The Hollowing Out of Relationship

We are the hollow men
We are the stuffed men
Leaning together
Headpiece filled with straw. Alas!
Our dried voices, when
We whisper together
Are quiet and meaningless
As wind in dry grass
Or rats’ feet over broken glass
In our dry cellar

Thus begins T.S. Elliot’s poem of empty, quiet despair. Elliot’s intent was not to evoke the emotional cry of Sexual Addiction, but this is what he most certainly accomplishes.

Social interaction serves as the foundation of human flourishing. That joy multiplies in a group is evident from anyone’s experience in a comedy club. Even if the comedian is not that funny, you laugh because everyone else is laughing.

Similarly, grief is easier to bear when borne in community. The traditional boisterous wake that follows a funeral in some cultures eases the pain of loss. But silently holding the hand of a grieving widow does the same. Human connection makes the difference.

Sexual Addiction undermines one’s ability to connect with others. The result is a hollowing out of one’s own identity, of one’s one experience of oneself. The image Elliot evokes is scarecrows in a dry, empty field. A person who struggles with sexual addiction is with others, without being with others. It is a “leaning together” with “headpiece filled with straw”.

People who are able to connect with others experience deep and rich personal satisfaction. But not only do they experience greater personal satisfaction, but have greater physical health as well. Conversely, people in isolation are not just lonely. Overtime they deteriorate. They wilt. They degrade. They become less than. They do not become less than someone else. They become less than who they would be if they could be in a healthy relationship with others.

Sexual Addiction, like all addictions, undermines any possibility of a healthy relationship. This in turn undermines general health.

A series of research studies in the 1990s showed that people who have conflicted or unsatisfying close relationships have higher mortality rates, more accidents, and higher risks for developing illness. They demonstrate poor self-efficacy, and have higher rates of psychological symptomatology,  depression, and physical complaints. (Berman & Margolin, 1992, Coyne & Smith, 1991, Rhodes, Ebert, & Myers, 1994, Keitner & Miller, 1990.)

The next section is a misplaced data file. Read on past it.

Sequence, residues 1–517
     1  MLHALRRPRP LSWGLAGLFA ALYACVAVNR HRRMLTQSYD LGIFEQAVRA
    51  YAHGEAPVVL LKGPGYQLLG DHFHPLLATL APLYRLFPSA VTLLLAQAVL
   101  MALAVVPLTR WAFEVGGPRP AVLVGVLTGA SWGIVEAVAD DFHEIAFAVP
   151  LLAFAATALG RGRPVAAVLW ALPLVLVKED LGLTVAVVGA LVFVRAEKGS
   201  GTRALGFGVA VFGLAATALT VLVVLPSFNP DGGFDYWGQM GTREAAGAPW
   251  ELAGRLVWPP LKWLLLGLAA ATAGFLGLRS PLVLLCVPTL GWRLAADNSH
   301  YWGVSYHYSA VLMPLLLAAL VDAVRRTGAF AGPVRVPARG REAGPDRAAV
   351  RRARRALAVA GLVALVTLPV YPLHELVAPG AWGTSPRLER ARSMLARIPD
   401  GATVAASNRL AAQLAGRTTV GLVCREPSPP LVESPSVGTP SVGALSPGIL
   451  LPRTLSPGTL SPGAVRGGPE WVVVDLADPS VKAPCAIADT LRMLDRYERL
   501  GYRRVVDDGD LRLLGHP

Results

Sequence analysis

The positive effects of healthy intimacy have also been well documented. A 10-year study found that those with stronger friendship networks lived longer than those with fewer friends. (Giles, Glonek, Luszcz, and Andrews, 2005)

Perhaps more impressive is a study of 10,000 men that found those who felt “loved and supported” by their spouse had a reduced risk of angina. This was the case even if they had other risk factors, such as being older or having raised blood pressure. (Medalie and Goldbourt,1976)

In an article on the health consequences of solitary confinement in New Yorker Magazine, (http://www.newyorker.com/magazine/2009/03/30/hellhole)

“Human beings are social creatures,” wrote Harvard professor, physician, and healthy and social policy advocate Atal Gawanda. “We are social not just in the trivial sense that we like company, and not just in the obvious sense that we each depend on others. We are social in a more elemental way: simply to exist as a normal human being requires interaction with other people.”

To illustrate Dr. Ganda relates the experience of isolation at sea.

“Long-distance solo sailors, for instance, commit themselves to months at sea. They face all manner of physical terrors: thrashing storms, fifty-foot waves, leaks, illness. Yet, for many, the single most overwhelming difficulty they report is the ‘soul-destroying loneliness.’”

Sexual Addiction is being increasingly accepted by clinicians and researchers as an “intimacy disorder”.  At the heart of the disability is difficulty connecting with others. This often due to childhood trauma. The trauma may have been  of an active or passive kin, a abuse or neglect.

In either case the result is a person struggles in relationship. Pain in oneself is traslated to pain in the relationship. This  reinforces the mistaken notion that “other people simply cannot be trusted to meet my needs.”

As we have seen, life in isolation is a profoundly painful experience. In a necessary effort to self-sooth, to overcome the irresistible suffering of borne by the lonely, a person finds in sexual release — not so much pleasure, as relief.

 

Image by John Carlin